August 16th, 2011
Econintersect: Jared Bernstein, a liberal economist who has served and continues to serve a number or roles in the Obama administration, has taken on a popular conception of political conservatives. In this case he has chosen to argue using data. Data presented by Bernstein on his blog, On the Economy, Bernstein says the data shows Social Security costs, currently running at approximately 5% of GDP, will grow very gradually over the next 70 years. The burden will be approximately 7% of GDP by 2080, according to CBO (Congressional Budget Office) data. Follow up:
Follow up:Here is the graph Bernstein presented:
Bernstein points out that there is a funding shortfall over the 75-year horizon amounting to 0.8% of GDP. He suggests that is not difficult to resolve.
What is obvious in the graph and is also discussed by Bernstein, is the growth of federally funded health programs from about 7% of GDP this year to about 22% by 2080. Here is what Bernstein says about that:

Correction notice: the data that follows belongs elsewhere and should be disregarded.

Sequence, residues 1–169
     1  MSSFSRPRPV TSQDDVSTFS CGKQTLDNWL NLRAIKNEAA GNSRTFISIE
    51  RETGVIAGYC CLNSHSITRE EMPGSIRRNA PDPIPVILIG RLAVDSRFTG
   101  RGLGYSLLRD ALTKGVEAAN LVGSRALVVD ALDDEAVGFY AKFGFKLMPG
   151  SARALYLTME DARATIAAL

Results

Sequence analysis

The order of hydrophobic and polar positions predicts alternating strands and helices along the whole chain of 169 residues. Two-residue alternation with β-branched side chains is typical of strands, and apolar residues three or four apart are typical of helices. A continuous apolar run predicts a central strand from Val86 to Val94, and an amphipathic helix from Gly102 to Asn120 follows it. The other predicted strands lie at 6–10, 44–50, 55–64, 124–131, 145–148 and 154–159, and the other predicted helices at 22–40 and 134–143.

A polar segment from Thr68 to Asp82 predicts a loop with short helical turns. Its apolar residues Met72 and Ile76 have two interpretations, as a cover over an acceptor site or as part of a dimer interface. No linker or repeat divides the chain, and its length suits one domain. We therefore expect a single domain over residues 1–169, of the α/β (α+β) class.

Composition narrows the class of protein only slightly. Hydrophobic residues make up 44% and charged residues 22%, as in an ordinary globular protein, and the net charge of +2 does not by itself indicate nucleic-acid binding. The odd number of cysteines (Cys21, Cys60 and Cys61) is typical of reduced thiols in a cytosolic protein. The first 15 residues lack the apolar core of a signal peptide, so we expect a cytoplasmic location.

…as a share of GDP, neither Social Security nor other spending (which includes the discretionary spending that everyone’s all gung ho to slash away at) are driving government spending as a share of the economy. It’s health care. And as I’ve stressed every time this comes up, that’s not a gov’t problem—that’s just a problem. In fact, health costs grow faster in the private than in the public sector.
The final statement is subject to debate: GEI Analysis has an article showing that, from 2000 to 2010, growth in healthcare costs were approximately the same per capita in public and private systems.